The Republic of Florida, a white nationalist militia, confirmed Thursday that the man charged in Wednesday’s school shooting in Parkland, Florida, was involved in some of its activities.
Jordan Jereb, a leader within the group, told The Associated Press that shooting suspect Nikolas Cruz had participated in the group’s paramilitary drills in Tallahassee.
Jereb also told the Anti-Defamation League that Cruz had carpooled to the training exercises with other members of the group. He said Cruz had been “brought up” by a member of ROF, though it was not clear what this meant.
Cruz, 19, has been charged with 17 counts of premeditated murder in Wednesday’s shooting at Marjory Stoneman Douglas High School.
Jereb told the AP that Cruz had “trouble with a girl” and thinks that may have been linked to him carrying out the attack on Valentine’s Day.
Jereb also told The Daily Beast that ROF bought Cruz at least one of his guns. He speculated that Cruz’s training with the group helped him carry out Wednesday’s massacre.
“I’m not trying to glorify it, but he was pretty efficient in what he did,” Jereb said. “He probably used that training to do what he did.”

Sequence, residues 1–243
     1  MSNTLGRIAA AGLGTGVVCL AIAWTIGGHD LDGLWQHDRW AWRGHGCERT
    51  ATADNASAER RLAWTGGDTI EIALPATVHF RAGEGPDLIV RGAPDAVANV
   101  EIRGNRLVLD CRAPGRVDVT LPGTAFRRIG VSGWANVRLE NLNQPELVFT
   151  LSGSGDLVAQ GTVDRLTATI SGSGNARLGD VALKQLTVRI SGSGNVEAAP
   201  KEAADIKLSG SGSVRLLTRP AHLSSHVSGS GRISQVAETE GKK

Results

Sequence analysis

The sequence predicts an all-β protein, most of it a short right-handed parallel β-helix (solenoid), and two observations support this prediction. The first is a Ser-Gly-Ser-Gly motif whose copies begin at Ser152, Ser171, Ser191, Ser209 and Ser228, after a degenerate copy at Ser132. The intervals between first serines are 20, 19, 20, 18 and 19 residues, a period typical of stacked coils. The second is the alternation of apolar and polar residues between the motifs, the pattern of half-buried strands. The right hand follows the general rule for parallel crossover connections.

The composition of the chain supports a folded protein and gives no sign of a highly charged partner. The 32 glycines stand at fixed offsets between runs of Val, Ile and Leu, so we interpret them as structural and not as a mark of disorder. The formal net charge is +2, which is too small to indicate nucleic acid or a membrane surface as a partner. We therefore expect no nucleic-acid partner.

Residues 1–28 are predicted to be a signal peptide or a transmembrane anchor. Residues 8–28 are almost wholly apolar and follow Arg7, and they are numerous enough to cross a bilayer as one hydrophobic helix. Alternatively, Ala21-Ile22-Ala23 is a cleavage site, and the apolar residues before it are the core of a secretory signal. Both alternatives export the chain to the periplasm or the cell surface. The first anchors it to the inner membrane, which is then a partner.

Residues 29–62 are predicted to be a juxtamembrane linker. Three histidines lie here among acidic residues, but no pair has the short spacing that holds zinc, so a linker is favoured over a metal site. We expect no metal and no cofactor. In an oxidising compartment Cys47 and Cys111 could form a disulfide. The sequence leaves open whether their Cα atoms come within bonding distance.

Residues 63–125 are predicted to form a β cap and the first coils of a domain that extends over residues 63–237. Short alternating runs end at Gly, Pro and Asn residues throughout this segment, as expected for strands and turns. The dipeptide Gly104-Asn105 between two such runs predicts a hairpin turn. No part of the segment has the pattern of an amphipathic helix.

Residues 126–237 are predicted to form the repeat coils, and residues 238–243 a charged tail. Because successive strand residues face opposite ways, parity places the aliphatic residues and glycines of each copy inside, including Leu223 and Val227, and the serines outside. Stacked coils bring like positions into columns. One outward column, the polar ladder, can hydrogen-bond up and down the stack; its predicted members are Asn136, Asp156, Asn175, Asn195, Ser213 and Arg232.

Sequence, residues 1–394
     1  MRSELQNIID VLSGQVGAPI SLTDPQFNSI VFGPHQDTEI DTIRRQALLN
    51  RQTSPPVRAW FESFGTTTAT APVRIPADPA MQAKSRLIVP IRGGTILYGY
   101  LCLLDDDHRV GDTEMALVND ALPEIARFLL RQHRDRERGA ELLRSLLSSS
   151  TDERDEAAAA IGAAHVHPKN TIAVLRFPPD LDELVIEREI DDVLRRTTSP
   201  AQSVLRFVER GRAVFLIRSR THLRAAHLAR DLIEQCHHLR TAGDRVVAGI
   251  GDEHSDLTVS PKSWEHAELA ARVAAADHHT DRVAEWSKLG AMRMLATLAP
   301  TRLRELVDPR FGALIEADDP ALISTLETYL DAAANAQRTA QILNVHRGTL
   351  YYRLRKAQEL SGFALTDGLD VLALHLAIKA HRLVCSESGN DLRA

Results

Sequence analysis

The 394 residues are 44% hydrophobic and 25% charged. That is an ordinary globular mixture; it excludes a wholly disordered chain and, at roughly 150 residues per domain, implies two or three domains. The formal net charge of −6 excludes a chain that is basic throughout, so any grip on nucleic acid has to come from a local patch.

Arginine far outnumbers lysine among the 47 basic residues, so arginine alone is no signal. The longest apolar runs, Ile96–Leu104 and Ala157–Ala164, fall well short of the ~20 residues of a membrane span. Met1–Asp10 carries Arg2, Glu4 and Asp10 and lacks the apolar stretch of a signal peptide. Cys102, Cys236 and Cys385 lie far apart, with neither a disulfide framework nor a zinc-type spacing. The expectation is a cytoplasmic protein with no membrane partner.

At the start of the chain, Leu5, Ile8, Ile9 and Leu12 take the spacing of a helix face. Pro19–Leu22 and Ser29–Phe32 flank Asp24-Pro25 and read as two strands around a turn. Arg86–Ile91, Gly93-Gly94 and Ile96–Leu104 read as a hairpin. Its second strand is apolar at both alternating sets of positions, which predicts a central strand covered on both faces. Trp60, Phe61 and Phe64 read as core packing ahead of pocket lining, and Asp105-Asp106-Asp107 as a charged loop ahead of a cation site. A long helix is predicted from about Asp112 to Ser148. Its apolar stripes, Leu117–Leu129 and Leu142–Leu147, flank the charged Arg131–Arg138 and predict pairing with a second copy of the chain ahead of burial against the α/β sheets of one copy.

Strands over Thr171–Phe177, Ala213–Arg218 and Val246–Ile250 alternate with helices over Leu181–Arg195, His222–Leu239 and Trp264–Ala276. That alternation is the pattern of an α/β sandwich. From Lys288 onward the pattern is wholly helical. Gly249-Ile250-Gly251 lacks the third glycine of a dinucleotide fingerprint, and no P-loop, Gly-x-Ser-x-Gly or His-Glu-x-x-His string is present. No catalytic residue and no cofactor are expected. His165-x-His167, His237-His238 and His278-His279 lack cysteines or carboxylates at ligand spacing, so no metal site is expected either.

The ROF, which says it seeks to establish a “white ethnostate” in Florida, did not order Cruz to carry out the shooting, Jereb told the ADL. However, attacks carried out by groups like the Republic of Florida are on the rise: Murders by white supremacists more than doubled in 2017 compared to the year before, according to an ADL report released last week.
Less than two months ago, a 21-year-old man who was fixated on violence against Jews and who posted on The Daily Stormer, a white supremacist site, shot and killed two students at a New Mexico high school.
On its website, the ROF admits to being a “violent” group and says its members are prepared to kill or hospitalize anyone they view as a serious physical threat.
The group also describes feminists as “miserable young gals with absolutely no direction in their life.”
Jereb told The Daily Beast that Cruz’s hatred of feminism “could’ve played into what he did” on Wednesday.
He then went on to offer an alternative theory.
“We’re not a big fan of Jews,” he said. “I think there were a lot of Jews at the school that might have been messing with him.”
This is a developing story. Check back for updates.
- This article originally appeared on news.